DOI: 10.3390/cells12162114 ISSN:

Amniotic Membrane and Its Derivatives: Novel Therapeutic Modalities in Liver Disorders

Mandana Kazem Arki, Kasra Moeinabadi-Bidgoli, Nikoo Hossein-Khannazer, Roberto Gramignoli, Mustapha Najimi, Massoud Vosough
  • General Medicine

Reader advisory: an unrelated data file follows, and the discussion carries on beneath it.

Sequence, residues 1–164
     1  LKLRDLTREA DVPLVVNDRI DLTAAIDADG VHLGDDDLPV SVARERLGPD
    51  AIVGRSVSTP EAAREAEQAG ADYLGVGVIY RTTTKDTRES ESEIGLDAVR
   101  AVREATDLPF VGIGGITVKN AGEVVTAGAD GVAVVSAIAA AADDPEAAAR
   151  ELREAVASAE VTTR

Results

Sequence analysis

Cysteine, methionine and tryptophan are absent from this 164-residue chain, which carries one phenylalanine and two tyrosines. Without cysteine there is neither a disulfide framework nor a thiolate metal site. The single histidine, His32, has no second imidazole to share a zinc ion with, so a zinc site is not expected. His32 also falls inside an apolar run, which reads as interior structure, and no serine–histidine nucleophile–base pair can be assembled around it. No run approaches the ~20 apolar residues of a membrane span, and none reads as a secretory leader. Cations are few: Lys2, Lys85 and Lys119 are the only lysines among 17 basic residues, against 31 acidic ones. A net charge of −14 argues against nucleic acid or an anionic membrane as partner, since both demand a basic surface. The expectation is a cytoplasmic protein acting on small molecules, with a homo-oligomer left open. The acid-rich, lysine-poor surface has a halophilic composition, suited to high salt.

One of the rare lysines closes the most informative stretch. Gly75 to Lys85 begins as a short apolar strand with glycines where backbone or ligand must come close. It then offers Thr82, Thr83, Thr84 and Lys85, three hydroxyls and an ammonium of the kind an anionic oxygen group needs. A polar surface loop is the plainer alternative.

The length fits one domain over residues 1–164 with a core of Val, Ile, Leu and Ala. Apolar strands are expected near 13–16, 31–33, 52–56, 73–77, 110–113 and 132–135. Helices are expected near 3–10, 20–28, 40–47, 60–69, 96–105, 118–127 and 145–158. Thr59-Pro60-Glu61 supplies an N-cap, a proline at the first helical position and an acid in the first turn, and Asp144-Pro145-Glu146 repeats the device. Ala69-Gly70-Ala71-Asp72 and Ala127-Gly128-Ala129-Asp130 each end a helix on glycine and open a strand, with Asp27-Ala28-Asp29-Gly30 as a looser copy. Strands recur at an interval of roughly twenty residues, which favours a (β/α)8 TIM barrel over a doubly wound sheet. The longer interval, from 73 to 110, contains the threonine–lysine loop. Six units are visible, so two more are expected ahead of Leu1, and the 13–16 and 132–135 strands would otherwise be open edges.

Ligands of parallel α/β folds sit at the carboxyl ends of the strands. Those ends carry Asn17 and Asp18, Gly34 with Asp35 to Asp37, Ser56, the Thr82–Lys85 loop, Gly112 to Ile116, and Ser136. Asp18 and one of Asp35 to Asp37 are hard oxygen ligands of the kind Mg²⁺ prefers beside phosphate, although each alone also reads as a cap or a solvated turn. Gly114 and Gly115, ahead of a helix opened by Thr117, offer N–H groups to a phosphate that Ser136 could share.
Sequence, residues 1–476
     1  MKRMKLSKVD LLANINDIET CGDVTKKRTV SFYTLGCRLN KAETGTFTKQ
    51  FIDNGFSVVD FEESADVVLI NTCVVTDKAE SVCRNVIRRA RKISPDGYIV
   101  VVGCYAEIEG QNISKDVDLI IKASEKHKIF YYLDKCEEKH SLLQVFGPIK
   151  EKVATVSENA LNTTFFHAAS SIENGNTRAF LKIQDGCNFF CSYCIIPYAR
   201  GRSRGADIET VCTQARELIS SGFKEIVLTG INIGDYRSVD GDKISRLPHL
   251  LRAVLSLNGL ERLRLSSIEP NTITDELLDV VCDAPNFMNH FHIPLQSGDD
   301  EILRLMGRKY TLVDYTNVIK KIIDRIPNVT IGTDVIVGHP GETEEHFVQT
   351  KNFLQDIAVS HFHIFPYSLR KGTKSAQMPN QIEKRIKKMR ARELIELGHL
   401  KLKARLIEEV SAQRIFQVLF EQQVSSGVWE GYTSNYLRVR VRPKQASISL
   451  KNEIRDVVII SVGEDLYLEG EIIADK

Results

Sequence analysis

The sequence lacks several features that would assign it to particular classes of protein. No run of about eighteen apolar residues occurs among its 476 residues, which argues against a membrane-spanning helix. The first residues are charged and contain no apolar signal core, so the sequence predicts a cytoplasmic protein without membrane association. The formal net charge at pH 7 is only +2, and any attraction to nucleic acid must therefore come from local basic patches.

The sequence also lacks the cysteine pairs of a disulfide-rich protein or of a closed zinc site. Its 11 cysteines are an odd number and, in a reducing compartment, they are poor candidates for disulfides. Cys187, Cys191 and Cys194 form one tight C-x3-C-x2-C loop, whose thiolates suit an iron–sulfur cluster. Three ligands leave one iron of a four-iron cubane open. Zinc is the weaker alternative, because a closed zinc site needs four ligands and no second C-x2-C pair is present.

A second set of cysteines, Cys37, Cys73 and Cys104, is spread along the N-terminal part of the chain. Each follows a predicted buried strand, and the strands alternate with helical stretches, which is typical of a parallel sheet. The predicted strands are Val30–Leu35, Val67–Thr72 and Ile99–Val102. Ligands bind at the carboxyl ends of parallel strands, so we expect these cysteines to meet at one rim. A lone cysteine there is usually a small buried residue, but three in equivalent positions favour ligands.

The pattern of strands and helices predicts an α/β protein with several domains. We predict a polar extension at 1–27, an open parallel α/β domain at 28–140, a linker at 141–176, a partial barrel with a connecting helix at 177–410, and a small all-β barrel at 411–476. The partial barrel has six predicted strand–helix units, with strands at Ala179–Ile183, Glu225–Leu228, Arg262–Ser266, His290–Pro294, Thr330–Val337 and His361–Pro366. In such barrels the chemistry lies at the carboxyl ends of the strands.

The liver is a vital organ responsible for metabolic and digestive functions, protein synthesis, detoxification, and numerous other necessary functions. Various acute, chronic, and neoplastic disorders affect the liver and hamper its biological functions. Most of the untreated liver diseases lead to inflammation and fibrosis which develop into cirrhosis. The human amniotic membrane (hAM), the innermost layer of the fetal placenta, is composed of multiple layers that include growth-factor rich basement membrane, epithelial and mesenchymal stromal cell layers. hAM possesses distinct beneficial anti-fibrotic, anti-inflammatory and pro-regenerative properties via the secretion of multiple potent trophic factors and/or direct differentiation into hepatic cells which place hAM-based therapies as potential therapeutic strategies for the treatment of chronic liver diseases. Decellularized hAM is also an ideal scaffold for liver tissue engineering as this biocompatible niche provides an excellent milieu for cell proliferation and hepatocytic differentiation. Therefore, the current review discusses the therapeutic potential of hAM and its derivatives in providing therapeutic solutions for liver pathologies including acute liver failure, metabolic disorders, liver fibrosis as well as its application in liver tissue engineering.

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